Small Things, Good Packages

Considering my last blog post was almost two weeks ago, it’s probably clear that I’m still adjusting to the new work schedule.  The return to Disney has been warm and welcoming – cartoons really do keep people young at heart because no one I’ve reconnected with has aged.  Seriously, all of my former colleagues look exactly the same!  (Meaning terrific, of course.)

But despite the fun studio homecoming, I have definitely felt “spent” by the end of the day.  I know I’ll get in a groove soon enough.  And that’s important because there’s always Deliberate work to be done and my extra-curricular hours are the time to do it.  As I’ve mentioned before, I’m gearing up to start a new script in April.  While Script Frenzy is dearly departed (R.I.P. Script Frenzy!), I will be holding my own personal challenge to write 100 script pages in 30 days.  I’m feeling excited and inspired by my latest idea so I’m hoping this enthusiasm will carry me through the bouts of self-doubt and general procrastination I will inevitably encounter.

One of the films I revisited in preparation for this new project was SLING BLADE.  Written by, directed by, and starring Billy Bob Thornton, it tells the story of a mentally handicapped man who returns to his hometown after decades of confinement in a mental hospital for committing a violent act in his youth.  What a great, powerful film.  The Southern setting is backed by Thornton’s lyrical writing – you feel like these characters genuinely inhabit this world. (And in some cases, I think Thornton actually cast locals in key roles in the film.)  The movie is poignant and sad and philosophical – a study of the sometimes not-so-great divide between love and violence.  I can see why it won the Oscar for Best Adapted Screenplay.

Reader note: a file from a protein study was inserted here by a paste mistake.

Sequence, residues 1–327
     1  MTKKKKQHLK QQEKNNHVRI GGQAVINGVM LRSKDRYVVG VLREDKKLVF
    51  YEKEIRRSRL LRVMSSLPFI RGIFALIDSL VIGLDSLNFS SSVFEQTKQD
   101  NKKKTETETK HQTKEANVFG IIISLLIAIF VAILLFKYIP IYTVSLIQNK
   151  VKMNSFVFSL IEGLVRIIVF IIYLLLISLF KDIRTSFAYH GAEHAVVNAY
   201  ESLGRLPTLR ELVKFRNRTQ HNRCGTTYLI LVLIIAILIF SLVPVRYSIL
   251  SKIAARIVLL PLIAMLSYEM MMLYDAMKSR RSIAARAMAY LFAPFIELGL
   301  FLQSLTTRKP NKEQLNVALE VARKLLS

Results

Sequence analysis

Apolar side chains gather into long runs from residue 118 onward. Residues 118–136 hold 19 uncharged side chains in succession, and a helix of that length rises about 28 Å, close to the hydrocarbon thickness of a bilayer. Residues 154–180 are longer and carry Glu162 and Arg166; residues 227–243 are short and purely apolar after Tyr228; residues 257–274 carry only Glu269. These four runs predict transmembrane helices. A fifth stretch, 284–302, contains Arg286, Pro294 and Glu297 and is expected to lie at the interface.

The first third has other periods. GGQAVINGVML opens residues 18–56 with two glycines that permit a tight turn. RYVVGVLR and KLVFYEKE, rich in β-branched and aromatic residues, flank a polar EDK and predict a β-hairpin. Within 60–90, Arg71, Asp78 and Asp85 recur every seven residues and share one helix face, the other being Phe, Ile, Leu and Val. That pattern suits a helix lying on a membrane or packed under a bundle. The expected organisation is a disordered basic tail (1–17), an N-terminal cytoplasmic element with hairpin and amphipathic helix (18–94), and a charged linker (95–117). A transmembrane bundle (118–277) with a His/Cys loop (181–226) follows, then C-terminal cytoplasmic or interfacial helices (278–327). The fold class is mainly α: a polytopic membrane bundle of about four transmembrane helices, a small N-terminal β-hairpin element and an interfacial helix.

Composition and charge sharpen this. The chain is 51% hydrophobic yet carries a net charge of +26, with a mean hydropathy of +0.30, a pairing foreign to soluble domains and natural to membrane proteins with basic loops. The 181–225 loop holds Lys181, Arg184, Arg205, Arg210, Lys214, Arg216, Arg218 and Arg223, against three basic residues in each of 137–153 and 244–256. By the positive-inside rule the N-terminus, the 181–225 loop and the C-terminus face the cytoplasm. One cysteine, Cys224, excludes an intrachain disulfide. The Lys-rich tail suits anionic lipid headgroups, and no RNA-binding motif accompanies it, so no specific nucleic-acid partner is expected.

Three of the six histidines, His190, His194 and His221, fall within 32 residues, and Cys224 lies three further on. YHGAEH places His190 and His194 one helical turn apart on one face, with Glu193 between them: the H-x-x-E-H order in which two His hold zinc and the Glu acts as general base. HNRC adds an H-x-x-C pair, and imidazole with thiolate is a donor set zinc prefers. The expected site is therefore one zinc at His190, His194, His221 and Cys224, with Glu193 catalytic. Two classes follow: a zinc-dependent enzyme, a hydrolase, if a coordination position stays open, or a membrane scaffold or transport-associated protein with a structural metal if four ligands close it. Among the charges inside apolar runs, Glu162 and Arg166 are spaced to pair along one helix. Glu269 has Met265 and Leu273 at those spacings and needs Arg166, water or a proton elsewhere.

And as I watched it I remembered that SLING BLADE began as a short film, SOME FOLKS CALL IT A SLING BLADE.  The content of the short eventually became the opening sequence in the feature.  The short won a number of film festival awards and was accepted into Sundance in 1994.  I have to think that the encouraging reception for the short helped launch the making of the successful feature.

So I’ve been thinking about tackling BENEATH THE SURFACE as a smaller package.  For the benefit of my creative soul, I must produce some sort of live-action project this year and why not start with the screenplay I know and believe in so deeply?  The shape of the short is already clear to me and I’ve mentioned the possibility to some of my creative team, all of whom seem game for it.  I think we could shoot it in Los Angeles over the course of a weekend for a low budget.  Yes, the wheels are starting to turn.

So once my April frenzy comes to a close, it looks like a May project might be on deck.   Sleeping be damned!

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